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(Lecture VI., page 185.)


Augustine’s version of this phrase is found abundantly, as elsewhere, in his treatise ‘De Peccatorum meritis et remissione,’ which, he says (Retract. ii., 23), he was “compelled to write against the new heresy of Pelagius.” 241Dealing with his own translation—in quo omnes peccaverunt—he applies the “quo” sometimes to “peccatum” and sometimes to Adam—“ille unus homo”—forgetful, apparently, as Migne points out in a note, that ἐφ᾽ ῷ, could not agree with ἀμαρτία—(Migne’s ed., x. 115). All modern scholars may be said to unite in the statement of Baur that, “grammatically, ἐφ᾽ ᾧ, cannot be taken in any other sense than ‘because,’” or, as he expands the meaning, “the fact being that;” or again, Alford (in loc.), “on condition that.”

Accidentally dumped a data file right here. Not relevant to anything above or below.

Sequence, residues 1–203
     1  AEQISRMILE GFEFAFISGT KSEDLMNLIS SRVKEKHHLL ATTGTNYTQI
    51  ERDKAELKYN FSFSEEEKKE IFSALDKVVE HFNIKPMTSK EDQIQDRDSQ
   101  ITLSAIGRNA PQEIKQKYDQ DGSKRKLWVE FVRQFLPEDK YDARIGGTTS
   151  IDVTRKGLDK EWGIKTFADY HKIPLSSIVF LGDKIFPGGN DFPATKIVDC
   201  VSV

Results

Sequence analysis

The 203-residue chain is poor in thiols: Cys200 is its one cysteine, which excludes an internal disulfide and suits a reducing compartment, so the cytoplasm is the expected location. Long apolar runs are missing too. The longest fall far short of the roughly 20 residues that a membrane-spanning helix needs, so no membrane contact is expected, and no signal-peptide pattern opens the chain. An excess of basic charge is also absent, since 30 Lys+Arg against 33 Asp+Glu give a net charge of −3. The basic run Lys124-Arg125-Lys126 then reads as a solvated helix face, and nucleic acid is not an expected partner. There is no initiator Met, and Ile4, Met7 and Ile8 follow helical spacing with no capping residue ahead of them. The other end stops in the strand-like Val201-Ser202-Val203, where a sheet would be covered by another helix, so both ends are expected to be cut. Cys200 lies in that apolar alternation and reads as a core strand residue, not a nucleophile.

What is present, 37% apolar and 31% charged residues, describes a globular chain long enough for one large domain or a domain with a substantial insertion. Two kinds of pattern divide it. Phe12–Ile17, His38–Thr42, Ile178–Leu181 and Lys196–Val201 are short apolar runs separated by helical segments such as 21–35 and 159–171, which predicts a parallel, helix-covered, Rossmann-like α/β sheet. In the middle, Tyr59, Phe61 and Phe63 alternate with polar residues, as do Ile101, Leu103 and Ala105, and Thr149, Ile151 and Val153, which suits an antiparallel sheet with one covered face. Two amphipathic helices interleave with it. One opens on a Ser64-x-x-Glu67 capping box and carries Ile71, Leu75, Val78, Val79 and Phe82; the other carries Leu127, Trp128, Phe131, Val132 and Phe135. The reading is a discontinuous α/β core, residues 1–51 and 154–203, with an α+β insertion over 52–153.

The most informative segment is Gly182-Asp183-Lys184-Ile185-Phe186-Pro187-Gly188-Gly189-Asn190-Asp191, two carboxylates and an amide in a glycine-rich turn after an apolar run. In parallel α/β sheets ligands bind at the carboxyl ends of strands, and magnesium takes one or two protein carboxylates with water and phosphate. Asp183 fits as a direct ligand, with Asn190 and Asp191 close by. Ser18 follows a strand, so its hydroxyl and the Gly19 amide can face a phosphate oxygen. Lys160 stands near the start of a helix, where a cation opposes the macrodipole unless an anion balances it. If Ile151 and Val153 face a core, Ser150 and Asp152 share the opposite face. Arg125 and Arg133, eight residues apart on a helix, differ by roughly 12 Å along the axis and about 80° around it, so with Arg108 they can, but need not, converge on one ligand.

“In the same treatise (L. III. c. iv.), Augustine discusses the question of original sin in relation to infants, and shows how plainly his whole views on this subject were dependent on his High Church or sacramentarian views as to the efficacy of baptism, and the consequent necessity of all infants being baptised in order to their salvation. His argument is as follows: Unless infants receive the benefit of the sacrament they are manifestly in danger of damnation. But damned they cannot be without sin. Now, since they have no sin of their own (“in vita propria”), it is necessary for us to credit them with original sin,—however unintelligible the mystery. It is enough to state this argument to show how entirely Augustine’s tone of thought, on this as on many other matters, is removed from a modern or rational point of view. A fiction of sacramental efficacy is made the basis of an absurd argument. The name of Augustine, as I have said in the text, must always be held in respect; he possessed a profound spiritual nature and many noble qualities; but either as a writer or a thinker, there are 242few men who should be followed more cautiously. And never, certainly, should we allow the great apostle to speak to us only through his voice.

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